As of November 2014, Google will begin to account for how “mobile friendly” a page is as an organic mobile SEO ranking factor. Officially announced over at Google’s Webmaster Central Blog, with this latest change to the ranking algorithm, Google are aiming to improve the online experience of mobile users. Whilst Google already penalises websites viewed as offering a bad mobile experience, this is the first we’ve heard of directly rewarding mobile friendly sites.
As well as the new update affecting page rankings, Google will also be introducing a new “mobile friendly” label. This will appear at the beginning of a page’s search results snippet, as seen the in the example below, directly informing users that the page offers good mobile usability.
In order to qualify as a “mobile friendly” page, Googlebot takes into account a few criteria. Mobile friendly sites are classed as sites that:
- Avoid technologies that are not universally compatible with all mobile devices e.g. Flash
- Size content to fit the screen, so users don’t have to zoom to view images or text
- Have appropriate link spacing, allowing for easy clicking
Interestingly, the “mobile friendly” tag is attributed at a page level and not domain level.
To see if a page is considered mobile friendly, Google have provided a simple tool at the following link:https://www.google.com/webmasters/tools/mobile-friendly/. This tool is fairly self-explanatory, and easy to use. If users enter a site that meets Google’s criteria for mobile devices, they’ll be told the site is mobile-friendly, and greeted with a screenshot of how Googlebot sees the page, as seen below.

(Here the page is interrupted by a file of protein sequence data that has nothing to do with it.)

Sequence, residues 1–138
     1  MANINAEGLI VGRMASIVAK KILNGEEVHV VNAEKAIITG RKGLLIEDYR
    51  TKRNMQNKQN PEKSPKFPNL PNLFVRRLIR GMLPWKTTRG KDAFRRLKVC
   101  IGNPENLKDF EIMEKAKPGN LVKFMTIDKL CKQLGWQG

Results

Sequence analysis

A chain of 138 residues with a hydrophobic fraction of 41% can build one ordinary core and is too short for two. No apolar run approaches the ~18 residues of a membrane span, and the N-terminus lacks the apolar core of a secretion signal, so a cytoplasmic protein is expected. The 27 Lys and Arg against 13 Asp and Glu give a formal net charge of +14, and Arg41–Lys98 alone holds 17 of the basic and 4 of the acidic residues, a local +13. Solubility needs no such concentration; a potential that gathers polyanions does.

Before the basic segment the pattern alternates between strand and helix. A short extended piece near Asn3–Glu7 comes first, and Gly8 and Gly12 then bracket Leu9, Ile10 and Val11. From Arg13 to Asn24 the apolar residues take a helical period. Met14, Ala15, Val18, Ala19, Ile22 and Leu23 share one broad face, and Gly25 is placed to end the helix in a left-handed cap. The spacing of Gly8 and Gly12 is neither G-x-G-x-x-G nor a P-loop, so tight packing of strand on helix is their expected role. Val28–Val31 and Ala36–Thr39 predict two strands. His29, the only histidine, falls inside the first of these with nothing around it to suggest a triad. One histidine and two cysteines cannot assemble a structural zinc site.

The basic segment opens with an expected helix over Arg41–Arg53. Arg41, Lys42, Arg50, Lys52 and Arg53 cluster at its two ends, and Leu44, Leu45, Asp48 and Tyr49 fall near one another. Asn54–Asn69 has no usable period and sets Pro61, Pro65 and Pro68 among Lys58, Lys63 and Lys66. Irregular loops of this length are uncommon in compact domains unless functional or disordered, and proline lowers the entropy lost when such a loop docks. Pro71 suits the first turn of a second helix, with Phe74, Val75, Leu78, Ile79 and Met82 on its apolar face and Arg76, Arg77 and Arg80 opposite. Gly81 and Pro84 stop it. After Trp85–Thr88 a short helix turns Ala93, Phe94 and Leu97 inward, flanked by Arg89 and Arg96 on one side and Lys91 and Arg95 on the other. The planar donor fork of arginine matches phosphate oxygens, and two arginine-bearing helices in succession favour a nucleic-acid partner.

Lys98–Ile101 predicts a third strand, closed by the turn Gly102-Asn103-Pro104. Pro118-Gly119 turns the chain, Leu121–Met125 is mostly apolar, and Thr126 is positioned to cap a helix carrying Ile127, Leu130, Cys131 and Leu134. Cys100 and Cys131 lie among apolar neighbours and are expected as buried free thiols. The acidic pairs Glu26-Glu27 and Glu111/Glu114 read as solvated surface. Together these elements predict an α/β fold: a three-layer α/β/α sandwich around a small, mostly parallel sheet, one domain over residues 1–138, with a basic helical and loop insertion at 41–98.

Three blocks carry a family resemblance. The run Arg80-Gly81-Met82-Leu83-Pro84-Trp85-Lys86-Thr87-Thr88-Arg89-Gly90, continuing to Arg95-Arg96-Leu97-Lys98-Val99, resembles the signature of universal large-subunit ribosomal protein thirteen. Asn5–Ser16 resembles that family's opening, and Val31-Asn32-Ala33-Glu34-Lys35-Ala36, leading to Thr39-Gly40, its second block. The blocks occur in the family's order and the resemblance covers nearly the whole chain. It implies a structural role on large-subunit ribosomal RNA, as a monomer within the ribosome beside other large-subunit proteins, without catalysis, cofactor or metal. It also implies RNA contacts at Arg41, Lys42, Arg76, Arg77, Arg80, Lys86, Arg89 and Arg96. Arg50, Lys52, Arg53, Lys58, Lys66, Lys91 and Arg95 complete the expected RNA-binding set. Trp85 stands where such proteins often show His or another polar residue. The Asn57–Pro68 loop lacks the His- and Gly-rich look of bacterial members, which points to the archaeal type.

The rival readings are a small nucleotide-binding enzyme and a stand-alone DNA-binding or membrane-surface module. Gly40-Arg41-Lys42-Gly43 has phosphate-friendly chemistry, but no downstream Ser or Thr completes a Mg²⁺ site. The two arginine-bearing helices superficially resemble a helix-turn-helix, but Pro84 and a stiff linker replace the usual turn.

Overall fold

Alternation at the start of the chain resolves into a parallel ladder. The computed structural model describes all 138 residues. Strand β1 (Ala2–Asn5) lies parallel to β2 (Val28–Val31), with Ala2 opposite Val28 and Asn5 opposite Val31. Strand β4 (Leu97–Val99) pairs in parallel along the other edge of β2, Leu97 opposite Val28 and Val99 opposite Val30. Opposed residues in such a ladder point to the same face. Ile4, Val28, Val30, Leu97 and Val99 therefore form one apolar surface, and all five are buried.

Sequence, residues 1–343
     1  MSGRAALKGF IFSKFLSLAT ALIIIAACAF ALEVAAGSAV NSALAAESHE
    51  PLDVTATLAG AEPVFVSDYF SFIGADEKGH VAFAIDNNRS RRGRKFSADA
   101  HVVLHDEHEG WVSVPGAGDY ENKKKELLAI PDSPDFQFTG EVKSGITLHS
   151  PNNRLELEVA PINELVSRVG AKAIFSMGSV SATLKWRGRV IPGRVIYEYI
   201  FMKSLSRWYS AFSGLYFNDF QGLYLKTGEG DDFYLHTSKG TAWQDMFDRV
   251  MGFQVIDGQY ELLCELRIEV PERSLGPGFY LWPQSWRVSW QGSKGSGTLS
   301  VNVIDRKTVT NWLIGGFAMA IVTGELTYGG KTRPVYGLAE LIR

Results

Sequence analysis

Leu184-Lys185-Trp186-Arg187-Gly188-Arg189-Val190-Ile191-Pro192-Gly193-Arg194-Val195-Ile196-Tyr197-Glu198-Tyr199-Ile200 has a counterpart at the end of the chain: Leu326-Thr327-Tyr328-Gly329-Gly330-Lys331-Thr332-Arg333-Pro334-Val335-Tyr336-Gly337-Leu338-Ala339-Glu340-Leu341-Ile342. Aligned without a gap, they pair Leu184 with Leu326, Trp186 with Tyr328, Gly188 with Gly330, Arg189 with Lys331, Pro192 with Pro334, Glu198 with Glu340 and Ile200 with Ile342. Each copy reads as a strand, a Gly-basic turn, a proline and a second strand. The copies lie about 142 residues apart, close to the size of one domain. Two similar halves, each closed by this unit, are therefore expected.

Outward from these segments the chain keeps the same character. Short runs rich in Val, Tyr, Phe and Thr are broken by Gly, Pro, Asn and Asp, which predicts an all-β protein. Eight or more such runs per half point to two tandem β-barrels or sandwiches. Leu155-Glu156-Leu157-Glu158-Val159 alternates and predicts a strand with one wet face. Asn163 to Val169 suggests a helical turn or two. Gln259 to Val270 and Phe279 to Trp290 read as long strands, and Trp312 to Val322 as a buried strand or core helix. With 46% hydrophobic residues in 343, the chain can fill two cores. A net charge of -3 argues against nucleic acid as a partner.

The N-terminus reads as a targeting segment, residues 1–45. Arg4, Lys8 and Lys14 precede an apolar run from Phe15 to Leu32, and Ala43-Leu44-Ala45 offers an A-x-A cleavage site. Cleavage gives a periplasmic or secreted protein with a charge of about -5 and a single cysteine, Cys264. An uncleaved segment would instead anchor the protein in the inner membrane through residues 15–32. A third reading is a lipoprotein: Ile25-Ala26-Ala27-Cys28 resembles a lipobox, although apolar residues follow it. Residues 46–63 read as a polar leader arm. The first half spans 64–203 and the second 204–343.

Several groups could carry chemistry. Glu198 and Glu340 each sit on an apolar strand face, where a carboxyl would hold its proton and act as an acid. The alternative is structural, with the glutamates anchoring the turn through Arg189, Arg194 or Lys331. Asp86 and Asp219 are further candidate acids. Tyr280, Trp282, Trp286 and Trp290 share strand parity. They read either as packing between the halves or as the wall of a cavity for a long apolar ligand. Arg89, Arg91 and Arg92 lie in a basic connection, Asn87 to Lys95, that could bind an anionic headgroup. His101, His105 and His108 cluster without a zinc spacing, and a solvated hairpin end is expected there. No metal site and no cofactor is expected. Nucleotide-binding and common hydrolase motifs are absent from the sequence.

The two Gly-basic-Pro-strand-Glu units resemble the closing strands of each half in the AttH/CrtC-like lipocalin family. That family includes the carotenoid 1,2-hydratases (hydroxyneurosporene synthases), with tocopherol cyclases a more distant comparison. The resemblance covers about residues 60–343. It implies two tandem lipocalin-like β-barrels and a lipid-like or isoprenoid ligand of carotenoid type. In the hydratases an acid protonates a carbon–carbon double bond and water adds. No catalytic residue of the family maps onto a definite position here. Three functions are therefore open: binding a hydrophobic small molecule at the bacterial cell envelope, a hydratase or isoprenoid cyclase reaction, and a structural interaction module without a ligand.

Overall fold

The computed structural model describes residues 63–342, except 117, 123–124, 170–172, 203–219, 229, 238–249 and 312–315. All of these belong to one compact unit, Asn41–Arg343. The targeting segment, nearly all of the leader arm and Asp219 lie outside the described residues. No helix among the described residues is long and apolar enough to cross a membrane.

However, when users enter a site that doesn’t meet the criteria, they’ll be shown a list of reasons why the site in question isn’t mobile friendly:
This comes shortly after the introduction of mobile usability reports to Google Webmaster Tools, a feature that informs webmasters of errors affecting many of the factors the new update will be taking into account. Alongside the announcement of a new “mobile-friendly test”, it’s clear that Google are pushing webmasters and developers to seriously consider the mobile browsing experience their sites offer to users.
by Joshua Carter